Sedgwick County District Attorney Nola Foulston said she will ask the maximum sentence possible -- for each of those sentences to be served consecutively. "He should serve 175 years to life," said Foulston, who said she plans to present evidence on every killing at Rader's sentencing hearing.
The last BTK killing occurred in 1991 after Kansas stiffened its murder statutes, which means Rader could be sentenced to a minimum 40 years in prison without a chance of parole on that count.
Waller set August 17 as the sentencing date.
Rader cannot face the death penalty because Kansas did not reinstate the death penalty until 1994, three years after his last killing.
Rader's attorney, Steve Osburn, said all defenses were considered, including insanity, but after experts were called in it became apparent "there was no viable insanity defense."
Osburn said that based on evidence the prosecution had, including a confession and DNA evidence, it was apparent there was "a very solid case for the state."
Osburn said the detailed account that Waller asked for and got from Rader for each of the crimes was a complete surprise. He said he hoped that it provided closure to the families of the victims.
Killer a church president
Rader, who had been the president of his Lutheran church council, taunted authorities and the media with letters and packages he sent them over several years, some with before-and-after photos of the victims.
Christ Lutheran Church pastor Michael Clark said Rader, also a former Boy Scout leader, had been involved in church leadership for 30 years and was elected church council president just before his arrest.
Rader was arrested in what authorities said was a routine traffic stop. He worked for the Wichita suburb of Park City as a compliance supervisor in charge of animal control, nuisances, inoperable vehicles and general code compliance.
Authorities initially linked him to eight deaths, but added two more after his arrest.
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There ya go, folks. No tears. No feeling. No conscience. Just cold-blooded, sub-human testimony from the perpetrator himself.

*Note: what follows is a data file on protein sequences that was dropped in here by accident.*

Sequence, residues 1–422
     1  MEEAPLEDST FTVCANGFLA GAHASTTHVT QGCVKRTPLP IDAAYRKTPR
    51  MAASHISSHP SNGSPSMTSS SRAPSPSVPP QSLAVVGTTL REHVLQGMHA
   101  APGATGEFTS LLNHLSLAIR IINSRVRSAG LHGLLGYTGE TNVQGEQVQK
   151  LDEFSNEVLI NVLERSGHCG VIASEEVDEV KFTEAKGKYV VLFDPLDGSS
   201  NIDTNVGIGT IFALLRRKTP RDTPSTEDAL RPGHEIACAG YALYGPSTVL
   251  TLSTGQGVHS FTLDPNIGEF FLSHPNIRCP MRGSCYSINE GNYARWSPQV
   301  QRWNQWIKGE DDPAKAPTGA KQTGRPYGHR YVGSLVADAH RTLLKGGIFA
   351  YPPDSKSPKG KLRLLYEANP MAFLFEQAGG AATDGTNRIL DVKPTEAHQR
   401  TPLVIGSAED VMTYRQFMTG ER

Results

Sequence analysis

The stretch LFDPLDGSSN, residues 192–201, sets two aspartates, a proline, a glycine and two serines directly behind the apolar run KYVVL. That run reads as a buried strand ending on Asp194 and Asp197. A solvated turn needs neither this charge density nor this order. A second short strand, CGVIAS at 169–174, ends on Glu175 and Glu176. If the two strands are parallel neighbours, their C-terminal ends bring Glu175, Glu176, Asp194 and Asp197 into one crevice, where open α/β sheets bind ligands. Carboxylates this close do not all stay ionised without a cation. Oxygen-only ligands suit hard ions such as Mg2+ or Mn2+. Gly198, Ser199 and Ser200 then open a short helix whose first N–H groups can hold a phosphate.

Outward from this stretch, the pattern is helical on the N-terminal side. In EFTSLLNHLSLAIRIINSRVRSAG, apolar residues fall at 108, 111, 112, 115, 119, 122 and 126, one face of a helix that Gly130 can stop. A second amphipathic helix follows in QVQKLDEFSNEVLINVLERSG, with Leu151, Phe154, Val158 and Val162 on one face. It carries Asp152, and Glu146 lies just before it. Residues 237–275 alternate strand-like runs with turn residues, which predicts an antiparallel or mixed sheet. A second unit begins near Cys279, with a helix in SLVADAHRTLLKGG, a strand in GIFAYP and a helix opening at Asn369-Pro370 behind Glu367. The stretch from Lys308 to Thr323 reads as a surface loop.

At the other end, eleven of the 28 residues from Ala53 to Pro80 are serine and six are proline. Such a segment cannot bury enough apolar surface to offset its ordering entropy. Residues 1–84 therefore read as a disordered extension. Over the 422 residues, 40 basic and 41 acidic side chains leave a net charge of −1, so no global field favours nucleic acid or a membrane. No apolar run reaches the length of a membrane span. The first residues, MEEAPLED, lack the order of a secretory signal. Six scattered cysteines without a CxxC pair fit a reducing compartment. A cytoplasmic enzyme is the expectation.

No defense. No excuses. No plea for mercy. No appeal to a Higher Power. No jail-house conversion.
It is hard to imagine a better candidate for capital punishment. But the question remains: How much power does evil have over us? In this particular case there will not be a death penalty, according to the article, due to a wrinkle in Kansas law. But the question remains. Is there a merciful response to this measure of unmitigated evil?
I do not presume to answer that question for anyone other than myself. But my own stand remains unchanged.
An execution creates a population of perpetrators which includes you and me. It is morally repugnant, not because of what it does to the criminal, but because of what it does to us. Early Christians (including Jesus, incidentally) were the victims of capital punishment, not the executioners. [It is noteworthy that according to Luke one of the others who died on Golgotha allowed as how he and the other bandit deserved to die, although Matthew and Mark state that both of the others being crucified taunted Him.]
There will always be a poster child for capital punishment. Our responsibility as Christians is to resist our most atavistic impulses and struggle with how, under disagreeable and humanly irrational conditions, we can possibly follow the Lord's command to love. When we say to hate the sin and love the sinner, this is where the rubber meets the road. The is no loving way to take a person's life, even if he seems to have it coming.